Tuesday, August 4, 2009


The secret to the Swiss and their neutrality? Community gardens and randomly placed benches out in the middle of nowhere with amazing vistas.

I've seen more community gardens in Switzerland than anywhere else in Europe. In fact I havnt seen them any where else in Europe. It's an interesting thing to pass by on the train. Each person has thier little 30x30' plot of land, a little garden shed with an overhanging roof, and several chairs to sit and enjoy. They and quaint and cute. While we have a cimminty garden near my home, it's nowhere as elaborate. The Swiss know how to do it up.

As for the benches, they are everywhere, and often in some pretty remote spots. It's as if a group of people where each asked to carry a wooden bench around and plant it in a spot that thy deemed worthy of a bench. No matter how remote or odd the spot. I saw a hill, in what looked like the middle of farmland, and sure enough not only did the top have a conviently placed tree with a bench underneath, but it got the grand treatment of cement stairs going up to it. Yes, out in the middle of what appeared to be nowhere. Surely this is the next advancemt in the world of extreme benching.

On a more srerioud note. It really is amazing how many different, strong cultural influences are combined in Switzerland. They could never go to war, each country around them seems to have it's own piece of the pie (without actually owning anything). With 4 national languages, and 4 distinct cultures, the Swiss are much like thier famous knives, very versitable. In fact after meeting an elderly lady in her 80's who spoke beautiful English, I didn't worry about anyone understanding me. Everyone spoke at least 3 languages it seemed. That and they were very kind and helpful.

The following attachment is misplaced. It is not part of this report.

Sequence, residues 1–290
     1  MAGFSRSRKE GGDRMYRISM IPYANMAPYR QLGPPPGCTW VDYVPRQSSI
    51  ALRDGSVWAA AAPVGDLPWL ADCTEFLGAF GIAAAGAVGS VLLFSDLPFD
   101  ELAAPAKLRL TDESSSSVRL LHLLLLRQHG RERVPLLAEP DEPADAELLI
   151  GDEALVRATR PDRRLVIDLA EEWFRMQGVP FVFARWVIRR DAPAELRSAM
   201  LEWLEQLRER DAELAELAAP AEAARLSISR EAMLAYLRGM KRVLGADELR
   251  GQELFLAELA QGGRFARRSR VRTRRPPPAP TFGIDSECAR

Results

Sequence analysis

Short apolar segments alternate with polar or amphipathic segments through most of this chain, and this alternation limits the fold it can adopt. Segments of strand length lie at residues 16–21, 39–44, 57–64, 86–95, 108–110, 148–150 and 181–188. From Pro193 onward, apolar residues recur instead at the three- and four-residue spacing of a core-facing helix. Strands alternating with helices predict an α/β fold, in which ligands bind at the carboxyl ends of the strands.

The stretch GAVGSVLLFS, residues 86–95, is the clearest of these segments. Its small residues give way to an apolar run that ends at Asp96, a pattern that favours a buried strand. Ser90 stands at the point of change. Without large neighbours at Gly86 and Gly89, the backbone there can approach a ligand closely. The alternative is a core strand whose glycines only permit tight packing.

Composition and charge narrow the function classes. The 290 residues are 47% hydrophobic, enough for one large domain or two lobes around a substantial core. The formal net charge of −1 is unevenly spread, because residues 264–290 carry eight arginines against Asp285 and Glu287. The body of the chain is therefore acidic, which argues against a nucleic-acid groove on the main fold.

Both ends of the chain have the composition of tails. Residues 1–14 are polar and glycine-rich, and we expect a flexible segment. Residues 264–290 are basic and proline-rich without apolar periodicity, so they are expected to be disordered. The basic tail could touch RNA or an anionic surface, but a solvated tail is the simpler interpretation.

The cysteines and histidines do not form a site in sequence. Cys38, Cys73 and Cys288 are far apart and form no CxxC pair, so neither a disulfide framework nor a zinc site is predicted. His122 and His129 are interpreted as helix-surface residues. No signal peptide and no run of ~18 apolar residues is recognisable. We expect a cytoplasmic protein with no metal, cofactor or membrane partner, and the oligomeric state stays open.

Of course another secret of the Swiss is their chocolate. How could anyone argue with a country that produces top notch chocolate? I have a feeling most international arguments are solved with a simple shipment of chocolate. At least in my world that's how it would work. It would have to be dark though.

I did managed to keep up my goal of 1 chocolate bar a day. Maybe not the best for ones health, but wonderful for ones soul. There were so many different varieties, it was hard picking out just which lucky bar would meet it's timely demise in mouth. Each day I attempted to go for a bar that would one-up the previous days. And yes, I made sure to have chocolate fondue while in Switzerland (goal accomplished).